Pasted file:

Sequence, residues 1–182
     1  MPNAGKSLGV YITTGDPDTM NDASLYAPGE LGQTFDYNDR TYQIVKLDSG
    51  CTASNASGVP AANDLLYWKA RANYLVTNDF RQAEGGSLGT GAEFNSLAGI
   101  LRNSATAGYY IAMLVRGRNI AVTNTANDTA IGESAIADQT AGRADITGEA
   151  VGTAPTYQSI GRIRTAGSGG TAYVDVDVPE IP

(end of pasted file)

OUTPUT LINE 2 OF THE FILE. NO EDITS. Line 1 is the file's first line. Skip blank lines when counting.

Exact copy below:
     1  MPNAGKSLGV YITTGDPDTM NDASLYAPGE LGQTFDYNDR TYQIVKLDSG